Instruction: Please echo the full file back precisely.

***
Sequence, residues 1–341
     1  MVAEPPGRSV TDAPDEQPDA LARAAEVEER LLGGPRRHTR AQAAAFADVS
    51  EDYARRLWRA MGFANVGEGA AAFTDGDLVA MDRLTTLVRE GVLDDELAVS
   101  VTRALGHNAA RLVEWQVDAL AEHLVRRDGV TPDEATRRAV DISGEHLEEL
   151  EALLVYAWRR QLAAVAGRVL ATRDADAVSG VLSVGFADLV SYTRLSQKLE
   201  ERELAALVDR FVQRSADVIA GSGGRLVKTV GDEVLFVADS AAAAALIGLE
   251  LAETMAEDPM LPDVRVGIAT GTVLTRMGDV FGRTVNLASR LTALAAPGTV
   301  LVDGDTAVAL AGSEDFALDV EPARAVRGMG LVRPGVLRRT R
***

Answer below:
Sequence, residues 1–341
     1  MVAEPPGRSV TDAPDEQPDA LARAAEVEER LLGGPRRHTR AQAAAFADVS
    51  EDYARRLWRA MGFANVGEGA AAFTDGDLVA MDRLTTLVRE GVLDDELAVS
   101  VTRALGHNAA RLVEWQVDAL AEHLVRRDGV TPDEATRRAV DISGEHLEEL
   151  EALLVYAWRR QLAAVAGRVL ATRDADAVSG VLSVGFADLV SYTRLSQKLE
   201  ERELAALVDR FVQRSADVIA GSGGRLVKTV GDEVLFVADS AAAAALIGLE
   251  LAETMAEDPM LPDVRVGIAT GTVLTRMGDV FGRTVNLASR LTALAAPGTV
   301  LVDGDTAVAL AGSEDFALDV EPARAVRGMG LVRPGVLRRT R